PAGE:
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  • Barbara Copperthwaite

My journey to publication: ‘Crowdfunding: an egalitarian, democratic form of publishing’ Julia Thum

There used to be one way only to become a successful author: first get an agent, then land a publishing deal. That was it. Now, there are numerous routes – which can make it both easier and harder to know what to do. In a short series, authors share their fascinating personal journey to publication with me. Today it’s author JULIA THUM…

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Julia Thum co-writes adult fiction under the pen name Ginger (Riverside Lane is now available as a paperback and ebook) and reviews children’s fiction on her website. Her first children’s novel, The Witches’ Punchbowl is currently in submission.

“When I’m not writing, I’m happiest out in the fresh air; on my kayak paddling up the Thames, jogging along the towpath or walking my dog Rumpole. I occasionally do a bit of cooking and enjoy that, as well as helping the kids with their six tortoises and four rabbits that crawl and hop around our garden. I can also be found doing the odd headstand under a tree when the wind is in the east

Other stuff – I am a member of The Society of Authors and The Society of Women Writers and Journalists. I am proud to be a Samaritan listening volunteer and visit secondary schools as part of their school team. I am passionate about the new #BookBuddy initiative and am collecting books from far and wide to give to the local schools with whom I am linked. And I absolutely love my secret missions as The Bray Book Fairy, sharing stories and literacy in unlikely and unexpected places.”


Julia says: ‘Thank you so much for having me on your blog today Barbara. It is a delight to be here to talk to you about our crowdfunding experience and to have dug out that triumphant screenshot saved as “FUNDED!”

I had never heard of crowdfunding until I embarked on the path to publication for Riverside Lane. Now, having raised £9,000 through Kickstarter, I cannot believe this egalitarian, democratic form of publishing passed me by for so long. I co-authored Riverside Lane under the pen name Ginger Black and it was published by Momentum Books who required us to raise £9,000 on Kickstarter to get the book off the ground.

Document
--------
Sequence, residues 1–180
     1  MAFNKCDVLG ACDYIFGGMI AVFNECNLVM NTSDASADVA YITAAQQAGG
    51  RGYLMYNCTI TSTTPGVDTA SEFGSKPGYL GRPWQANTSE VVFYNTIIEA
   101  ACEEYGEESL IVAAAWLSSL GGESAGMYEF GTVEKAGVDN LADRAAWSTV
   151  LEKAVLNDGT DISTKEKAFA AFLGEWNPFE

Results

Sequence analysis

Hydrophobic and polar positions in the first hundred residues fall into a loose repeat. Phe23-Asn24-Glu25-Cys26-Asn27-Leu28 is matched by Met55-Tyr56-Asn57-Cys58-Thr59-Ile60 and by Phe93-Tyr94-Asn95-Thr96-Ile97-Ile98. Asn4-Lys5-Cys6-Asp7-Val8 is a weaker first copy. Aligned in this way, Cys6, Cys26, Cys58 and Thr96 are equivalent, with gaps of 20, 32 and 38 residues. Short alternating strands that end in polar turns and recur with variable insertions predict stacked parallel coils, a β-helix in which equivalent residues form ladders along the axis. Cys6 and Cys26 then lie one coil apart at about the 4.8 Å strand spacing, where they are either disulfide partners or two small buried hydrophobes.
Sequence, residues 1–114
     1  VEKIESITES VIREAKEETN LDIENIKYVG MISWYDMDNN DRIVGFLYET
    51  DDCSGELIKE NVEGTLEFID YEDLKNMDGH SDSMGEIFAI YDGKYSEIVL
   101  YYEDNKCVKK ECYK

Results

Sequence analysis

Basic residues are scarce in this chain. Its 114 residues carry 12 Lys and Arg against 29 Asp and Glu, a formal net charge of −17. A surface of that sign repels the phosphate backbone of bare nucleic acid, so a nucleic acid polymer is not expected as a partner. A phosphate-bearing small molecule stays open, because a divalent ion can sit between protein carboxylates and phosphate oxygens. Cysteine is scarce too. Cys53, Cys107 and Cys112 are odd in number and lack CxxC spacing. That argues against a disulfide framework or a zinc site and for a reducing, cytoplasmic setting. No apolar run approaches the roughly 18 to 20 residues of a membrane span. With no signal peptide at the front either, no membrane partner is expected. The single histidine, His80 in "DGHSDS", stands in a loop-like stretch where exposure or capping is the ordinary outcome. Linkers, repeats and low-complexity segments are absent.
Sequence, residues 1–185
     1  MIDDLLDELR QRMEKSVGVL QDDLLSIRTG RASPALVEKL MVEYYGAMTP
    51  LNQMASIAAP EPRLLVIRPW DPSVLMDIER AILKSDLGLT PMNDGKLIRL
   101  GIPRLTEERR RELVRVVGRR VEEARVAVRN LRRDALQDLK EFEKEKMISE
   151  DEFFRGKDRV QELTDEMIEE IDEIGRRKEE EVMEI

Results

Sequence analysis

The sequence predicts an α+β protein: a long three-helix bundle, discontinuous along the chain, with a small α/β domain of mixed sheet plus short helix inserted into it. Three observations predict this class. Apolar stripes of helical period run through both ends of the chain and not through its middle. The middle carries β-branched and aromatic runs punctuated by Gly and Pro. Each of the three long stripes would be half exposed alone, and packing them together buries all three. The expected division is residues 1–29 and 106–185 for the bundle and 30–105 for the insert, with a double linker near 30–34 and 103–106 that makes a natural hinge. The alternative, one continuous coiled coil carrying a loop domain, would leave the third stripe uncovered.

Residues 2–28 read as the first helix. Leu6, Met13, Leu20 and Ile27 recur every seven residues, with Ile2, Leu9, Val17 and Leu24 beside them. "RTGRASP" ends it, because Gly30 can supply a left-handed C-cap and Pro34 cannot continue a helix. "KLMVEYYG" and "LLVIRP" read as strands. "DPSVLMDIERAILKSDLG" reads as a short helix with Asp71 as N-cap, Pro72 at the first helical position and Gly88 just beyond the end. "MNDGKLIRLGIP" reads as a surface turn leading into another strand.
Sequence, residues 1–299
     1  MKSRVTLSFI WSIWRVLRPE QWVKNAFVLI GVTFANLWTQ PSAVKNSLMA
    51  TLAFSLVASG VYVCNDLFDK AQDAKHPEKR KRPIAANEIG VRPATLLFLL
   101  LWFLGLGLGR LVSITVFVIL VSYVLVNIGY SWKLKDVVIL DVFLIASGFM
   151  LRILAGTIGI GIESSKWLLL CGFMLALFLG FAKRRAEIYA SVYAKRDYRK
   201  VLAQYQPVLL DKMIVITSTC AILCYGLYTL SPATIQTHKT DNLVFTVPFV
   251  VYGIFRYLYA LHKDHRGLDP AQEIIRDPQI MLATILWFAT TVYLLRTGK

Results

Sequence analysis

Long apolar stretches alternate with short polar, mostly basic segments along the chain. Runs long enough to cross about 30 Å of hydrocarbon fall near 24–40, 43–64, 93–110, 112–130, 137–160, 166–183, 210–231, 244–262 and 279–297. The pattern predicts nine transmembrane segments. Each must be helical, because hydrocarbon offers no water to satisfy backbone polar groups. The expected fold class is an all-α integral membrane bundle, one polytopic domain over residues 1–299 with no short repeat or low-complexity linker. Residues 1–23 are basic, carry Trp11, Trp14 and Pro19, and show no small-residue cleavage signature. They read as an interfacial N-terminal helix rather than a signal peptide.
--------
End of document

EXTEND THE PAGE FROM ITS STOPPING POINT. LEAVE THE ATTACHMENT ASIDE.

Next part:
Having dreamed up and co-written a novel, honed our social media skills and developed the Ginger Black brand, my friends and family already thought I was ambitious but few understood the most challenging of all projects was yet to come; that of setting up and running a successful crowdfunding campaign. Indeed, hardly any knew what crowdfunding was, and therewith stood our first problem.


Stripped down to the bare essentials, crowdfunding the novel involved asking friends, family, colleagues and contacts to pre-order our book. Most understood this and wanted to help, but once online were bamboozled by jargon. They were not ‘buying’ but ‘pledging’, the novel we had spoken about for so long – wasn’t a ‘book’ but a ‘project’ for which, instead of a purchase price, they were offered an escalating menu of ‘pledging options’ ranging from £10 for a paperback to £1,500 for ten hardbacks, launch tickets and rights to our first born children. Then, like a sponsorship form (but less altruistic) , there was the potential embarrassment of putting their name to the lowest level, ‘pledge’ a measly tenner beside a neighbour’s very public £200. Or the awkward option of anonymity, risking the assumption they hadn’t joined the fun at all. From our end, we rode the emotional rollercoaster of friends and colleagues from decades ago reaching out with kind words and pledges-a-plenty and some nearest and dearest avoiding it like an embarrassing plague. For me, this was the hardest part and I was grateful to have Gaynor by my side. Together we smiled through the promise of pledges from friends and family who did not understand that, ‘beneath the bonnet’ of the campaign, we were privy to every penny pledged…..or not pledged as the case may be.